Feel underpaid? You are worth more to your boss than you think! Recent evidence shows that your work could be worth up to $100,000 to your boss! Read this before your next performance review.
When AT&T laid off 40,000 people, Tom DeMarco in a NY Times article of 4/14/1996, estimated that AT&T lost $4 to $8 billion in human capital, knowledge, and skills. This intellectual capital write-off is equivalent to 1/3 of AT&T's property, plant and equipment value. That translates into $100,000 to $200,000 per person.
Is there any reason not to believe that AT&T's laid-off staff, consisting of secretaries, file clerks, highly skilled technical people or truck drivers, are any different than you or me? If this is true , the inescapable conclusion is that each skilled laid-off person costs any company $100,000 to $200,000 each.
When Xerox laid off 9000 employees a few months ago - ten percent of its work force - they lost $900,000,000 - $1,800,000,000 in irreplaceable skills and talents. If I were a stockholder, I might question that at the next annual meeting.
Most accountants when figuring assets like furniture, equipment, and computers forget to include other valuable assets such as employee information, knowledge and skills, and other intangibles.
What are some of these assets? That secretary may have tremendous leadership abilities; that clerk may have an inventive mind; and that driver may have great sales ability. Thomas Stewart in his book, Intellectual Capital, the Wealth of Organizations, tells the story of a young secretary who joined a startup firm. Ten years later, she retired as vice president of marketing of Apple computer. Apple didn't see her as a secretary. It saw her as a person with potential.
An organization that develops and uses its intellectual capital has a competitive edge. It can outthink and out maneuver its competitors. Lief Edvinsson of Skandia AFS estimates that for most organizations the ratio of intellectual capital to the value of physical and financial capital is between 5 - 1 and 16 - 1.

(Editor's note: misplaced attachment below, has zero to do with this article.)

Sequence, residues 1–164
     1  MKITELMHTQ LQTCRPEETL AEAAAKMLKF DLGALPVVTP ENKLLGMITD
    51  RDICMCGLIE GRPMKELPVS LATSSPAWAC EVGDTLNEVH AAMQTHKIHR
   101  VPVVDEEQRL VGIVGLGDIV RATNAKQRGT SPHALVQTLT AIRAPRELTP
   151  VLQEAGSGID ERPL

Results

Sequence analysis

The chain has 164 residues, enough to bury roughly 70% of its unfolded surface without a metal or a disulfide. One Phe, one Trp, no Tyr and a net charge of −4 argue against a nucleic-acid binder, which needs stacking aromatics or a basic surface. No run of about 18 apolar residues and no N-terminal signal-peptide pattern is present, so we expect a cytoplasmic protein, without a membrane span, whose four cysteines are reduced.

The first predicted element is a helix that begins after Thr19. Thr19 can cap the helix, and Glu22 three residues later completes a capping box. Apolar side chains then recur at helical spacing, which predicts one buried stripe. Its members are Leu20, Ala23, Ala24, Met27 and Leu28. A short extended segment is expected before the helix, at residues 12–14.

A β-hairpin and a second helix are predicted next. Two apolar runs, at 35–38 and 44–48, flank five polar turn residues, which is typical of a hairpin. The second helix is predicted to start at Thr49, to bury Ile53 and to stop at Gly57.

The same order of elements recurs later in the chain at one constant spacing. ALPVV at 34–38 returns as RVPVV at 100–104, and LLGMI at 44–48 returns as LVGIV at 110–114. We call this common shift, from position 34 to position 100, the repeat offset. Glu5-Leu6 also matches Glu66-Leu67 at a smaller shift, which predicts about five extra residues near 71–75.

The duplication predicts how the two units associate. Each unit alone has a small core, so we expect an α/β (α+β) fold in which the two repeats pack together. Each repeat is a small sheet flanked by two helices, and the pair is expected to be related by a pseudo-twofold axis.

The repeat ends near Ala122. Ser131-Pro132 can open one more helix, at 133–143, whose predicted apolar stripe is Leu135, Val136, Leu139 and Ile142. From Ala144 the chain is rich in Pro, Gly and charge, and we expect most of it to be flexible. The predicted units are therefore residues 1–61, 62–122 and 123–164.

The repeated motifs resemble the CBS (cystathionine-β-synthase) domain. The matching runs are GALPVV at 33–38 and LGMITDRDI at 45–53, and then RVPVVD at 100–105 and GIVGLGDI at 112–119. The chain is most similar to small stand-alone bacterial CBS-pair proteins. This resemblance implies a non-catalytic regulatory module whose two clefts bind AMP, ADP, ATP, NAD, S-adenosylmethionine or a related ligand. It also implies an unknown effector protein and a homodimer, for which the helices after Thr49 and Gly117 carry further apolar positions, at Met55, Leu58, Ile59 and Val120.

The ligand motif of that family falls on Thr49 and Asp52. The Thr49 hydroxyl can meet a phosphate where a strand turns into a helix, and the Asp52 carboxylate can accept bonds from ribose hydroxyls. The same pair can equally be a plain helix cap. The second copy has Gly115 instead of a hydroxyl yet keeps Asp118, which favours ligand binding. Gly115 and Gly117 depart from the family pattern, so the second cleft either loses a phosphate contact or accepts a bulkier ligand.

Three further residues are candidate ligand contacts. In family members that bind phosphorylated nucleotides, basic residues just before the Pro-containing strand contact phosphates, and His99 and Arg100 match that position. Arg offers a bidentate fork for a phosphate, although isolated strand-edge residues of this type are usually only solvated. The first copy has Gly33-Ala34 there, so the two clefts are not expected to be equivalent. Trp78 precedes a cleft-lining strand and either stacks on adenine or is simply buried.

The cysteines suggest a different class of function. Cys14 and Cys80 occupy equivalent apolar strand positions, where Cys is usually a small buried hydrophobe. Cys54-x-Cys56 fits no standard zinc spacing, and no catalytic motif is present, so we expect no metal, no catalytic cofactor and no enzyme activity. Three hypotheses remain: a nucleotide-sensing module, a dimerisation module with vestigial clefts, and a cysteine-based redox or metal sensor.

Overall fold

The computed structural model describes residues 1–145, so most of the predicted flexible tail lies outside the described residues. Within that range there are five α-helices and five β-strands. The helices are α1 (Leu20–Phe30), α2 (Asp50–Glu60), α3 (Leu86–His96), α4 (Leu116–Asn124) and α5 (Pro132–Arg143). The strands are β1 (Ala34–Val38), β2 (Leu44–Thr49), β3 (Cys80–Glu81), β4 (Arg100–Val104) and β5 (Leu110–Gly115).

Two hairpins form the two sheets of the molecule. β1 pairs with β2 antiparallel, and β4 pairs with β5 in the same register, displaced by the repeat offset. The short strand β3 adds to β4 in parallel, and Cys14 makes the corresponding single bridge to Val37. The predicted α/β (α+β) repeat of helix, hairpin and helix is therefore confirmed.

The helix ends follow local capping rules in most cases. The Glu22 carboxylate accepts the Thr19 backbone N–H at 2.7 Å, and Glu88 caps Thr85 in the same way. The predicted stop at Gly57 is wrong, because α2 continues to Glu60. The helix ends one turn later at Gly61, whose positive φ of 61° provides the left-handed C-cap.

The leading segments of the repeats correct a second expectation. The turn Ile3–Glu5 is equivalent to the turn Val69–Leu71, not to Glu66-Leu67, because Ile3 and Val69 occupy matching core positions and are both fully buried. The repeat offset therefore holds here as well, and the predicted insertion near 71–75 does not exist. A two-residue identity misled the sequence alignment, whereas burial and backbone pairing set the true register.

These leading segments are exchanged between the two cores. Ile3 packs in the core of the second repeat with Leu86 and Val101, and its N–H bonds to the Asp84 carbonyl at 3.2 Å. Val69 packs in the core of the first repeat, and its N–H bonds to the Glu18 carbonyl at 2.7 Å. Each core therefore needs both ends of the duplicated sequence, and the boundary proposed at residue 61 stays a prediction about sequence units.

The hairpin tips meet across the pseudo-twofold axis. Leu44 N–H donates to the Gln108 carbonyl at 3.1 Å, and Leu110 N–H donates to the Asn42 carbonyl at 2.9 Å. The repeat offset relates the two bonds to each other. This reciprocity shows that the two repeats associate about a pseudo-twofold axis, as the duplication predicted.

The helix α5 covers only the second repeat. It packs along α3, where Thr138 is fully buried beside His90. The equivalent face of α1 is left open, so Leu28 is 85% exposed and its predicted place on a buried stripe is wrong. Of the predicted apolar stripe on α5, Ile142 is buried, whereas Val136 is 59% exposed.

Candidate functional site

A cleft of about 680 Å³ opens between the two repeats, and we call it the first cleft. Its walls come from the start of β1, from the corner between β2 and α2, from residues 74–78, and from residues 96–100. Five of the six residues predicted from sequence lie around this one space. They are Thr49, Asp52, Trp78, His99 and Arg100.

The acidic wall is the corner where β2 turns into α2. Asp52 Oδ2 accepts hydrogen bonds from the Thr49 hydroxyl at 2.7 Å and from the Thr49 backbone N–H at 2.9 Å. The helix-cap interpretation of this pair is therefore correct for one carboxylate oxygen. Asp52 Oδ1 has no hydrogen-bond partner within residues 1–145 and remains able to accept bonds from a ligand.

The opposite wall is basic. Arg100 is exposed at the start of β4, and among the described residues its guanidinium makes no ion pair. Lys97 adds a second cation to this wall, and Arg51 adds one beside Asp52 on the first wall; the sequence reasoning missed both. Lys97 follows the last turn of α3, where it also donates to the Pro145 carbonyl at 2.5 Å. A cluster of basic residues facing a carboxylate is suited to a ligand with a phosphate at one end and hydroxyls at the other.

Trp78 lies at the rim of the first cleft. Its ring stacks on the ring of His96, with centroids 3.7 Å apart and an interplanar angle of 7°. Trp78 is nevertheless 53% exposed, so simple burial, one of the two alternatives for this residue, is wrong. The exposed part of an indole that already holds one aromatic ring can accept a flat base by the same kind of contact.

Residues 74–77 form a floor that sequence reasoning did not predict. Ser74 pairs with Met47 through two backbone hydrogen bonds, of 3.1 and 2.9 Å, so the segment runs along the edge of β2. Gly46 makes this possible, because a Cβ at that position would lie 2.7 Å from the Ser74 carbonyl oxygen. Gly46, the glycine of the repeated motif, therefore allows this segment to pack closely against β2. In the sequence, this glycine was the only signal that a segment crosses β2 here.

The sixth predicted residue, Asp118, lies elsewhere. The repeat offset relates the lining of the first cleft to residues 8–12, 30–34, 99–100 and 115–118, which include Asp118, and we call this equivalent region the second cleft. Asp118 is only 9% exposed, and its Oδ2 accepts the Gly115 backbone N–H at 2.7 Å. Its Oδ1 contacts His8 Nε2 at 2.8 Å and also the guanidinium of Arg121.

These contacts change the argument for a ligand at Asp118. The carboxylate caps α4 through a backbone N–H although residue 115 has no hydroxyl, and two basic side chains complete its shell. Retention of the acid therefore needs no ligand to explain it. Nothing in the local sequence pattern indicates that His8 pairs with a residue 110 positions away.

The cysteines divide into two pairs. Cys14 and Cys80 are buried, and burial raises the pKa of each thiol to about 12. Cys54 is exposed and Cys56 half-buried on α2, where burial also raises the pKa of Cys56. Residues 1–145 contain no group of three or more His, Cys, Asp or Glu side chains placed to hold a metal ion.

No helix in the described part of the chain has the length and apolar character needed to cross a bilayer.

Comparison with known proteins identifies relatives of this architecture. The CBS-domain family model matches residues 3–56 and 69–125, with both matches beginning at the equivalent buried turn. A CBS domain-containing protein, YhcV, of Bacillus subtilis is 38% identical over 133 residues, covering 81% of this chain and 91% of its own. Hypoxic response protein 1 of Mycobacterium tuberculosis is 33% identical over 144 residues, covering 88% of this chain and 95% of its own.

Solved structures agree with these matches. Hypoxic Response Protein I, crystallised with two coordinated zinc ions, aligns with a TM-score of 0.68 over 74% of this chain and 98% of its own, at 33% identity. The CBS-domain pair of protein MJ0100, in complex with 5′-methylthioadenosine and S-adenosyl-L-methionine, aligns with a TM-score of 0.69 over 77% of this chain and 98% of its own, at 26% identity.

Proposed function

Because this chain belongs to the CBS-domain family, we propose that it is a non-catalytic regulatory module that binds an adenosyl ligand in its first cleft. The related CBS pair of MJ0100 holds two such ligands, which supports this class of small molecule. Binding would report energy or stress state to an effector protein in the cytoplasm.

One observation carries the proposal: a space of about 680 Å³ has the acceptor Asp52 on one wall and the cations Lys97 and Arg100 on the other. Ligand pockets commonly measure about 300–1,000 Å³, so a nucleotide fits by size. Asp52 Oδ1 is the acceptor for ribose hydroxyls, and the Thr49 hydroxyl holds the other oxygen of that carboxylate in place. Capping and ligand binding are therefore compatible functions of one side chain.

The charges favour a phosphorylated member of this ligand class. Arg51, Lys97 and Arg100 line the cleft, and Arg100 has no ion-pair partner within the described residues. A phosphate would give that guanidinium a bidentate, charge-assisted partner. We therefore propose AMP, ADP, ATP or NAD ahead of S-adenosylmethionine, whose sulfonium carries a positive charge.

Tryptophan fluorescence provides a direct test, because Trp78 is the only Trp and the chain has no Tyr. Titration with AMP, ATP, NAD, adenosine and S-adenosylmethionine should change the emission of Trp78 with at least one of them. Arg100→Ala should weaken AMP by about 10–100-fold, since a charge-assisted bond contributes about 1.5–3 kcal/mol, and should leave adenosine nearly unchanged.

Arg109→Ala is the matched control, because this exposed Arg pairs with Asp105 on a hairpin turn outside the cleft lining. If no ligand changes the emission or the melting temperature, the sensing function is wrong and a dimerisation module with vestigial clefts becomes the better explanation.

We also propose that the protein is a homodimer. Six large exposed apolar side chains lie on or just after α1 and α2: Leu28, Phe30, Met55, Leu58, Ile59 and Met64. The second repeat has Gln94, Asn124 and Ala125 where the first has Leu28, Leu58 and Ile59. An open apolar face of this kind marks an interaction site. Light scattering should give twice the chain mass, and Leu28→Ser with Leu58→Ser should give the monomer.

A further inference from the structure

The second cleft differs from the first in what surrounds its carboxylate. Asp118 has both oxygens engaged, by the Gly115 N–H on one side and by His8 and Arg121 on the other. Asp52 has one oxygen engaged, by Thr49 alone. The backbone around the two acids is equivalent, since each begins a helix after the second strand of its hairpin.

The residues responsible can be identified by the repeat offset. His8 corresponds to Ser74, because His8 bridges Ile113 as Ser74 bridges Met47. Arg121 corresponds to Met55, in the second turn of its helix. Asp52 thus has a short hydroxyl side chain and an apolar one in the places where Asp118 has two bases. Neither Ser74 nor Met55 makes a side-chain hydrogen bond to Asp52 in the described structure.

The cynic might object that the loss of only a few highly paid and skilled persons skewed DeMarco's numbers and that the intellectual capital costs would in reality be much lower if it were not for a few highly paid and skilled persons. I might agree if the numbers of AT&T's dismissals had been lower. However, that argument falls flat when one considers that 40,000 people is too large a sample to be skewed by a few highly skilled and salaried persons. It also falls flat when one considers that most laid-off persons are not highly skilled but are usually paid on the low end of the scale.
It also follows that each person that leaves the State of Connecticut for "greener pastures" costs the taxpayers $100,000 to $200,000 each. The Hartford Courant (5/27/98, business section) in an article entitled, "Drop In Labor Force Puzzles Experts" reveled the loss of 38,000 jobs in the last few years. This translates to a loss for the taxpayers of Connecticut of $3,800,000,000 to $7,200,000,000.
In any case the realization that your intellectual capital is worth $100,000 to $200,000 in the market place is really empowering one. Again, your skills and ideas in a free and open market should bring you $100,000 to $200,000.
Think of how much more you can improve your capital by learning more. Think how much more you can improve your company's capital by having your employees learn more and improve their skills. The great thing is that this learning doesn't have to relate directly to your business. A foreign language or a history course is valuable in that they develop critical thinking skills that they can connect with their work. You can never lose by learning.